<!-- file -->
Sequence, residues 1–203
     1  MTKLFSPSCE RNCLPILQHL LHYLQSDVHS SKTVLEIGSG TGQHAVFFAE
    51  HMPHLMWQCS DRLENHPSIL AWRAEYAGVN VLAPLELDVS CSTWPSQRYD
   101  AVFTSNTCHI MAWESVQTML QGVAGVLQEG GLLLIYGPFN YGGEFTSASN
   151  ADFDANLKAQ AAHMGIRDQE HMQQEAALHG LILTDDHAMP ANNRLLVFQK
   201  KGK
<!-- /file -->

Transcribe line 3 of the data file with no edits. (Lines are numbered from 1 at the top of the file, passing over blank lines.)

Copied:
    51  HMPHLMWQCS DRLENHPSIL AWRAEYAGVN VLAPLELDVS CSTWPSQRYD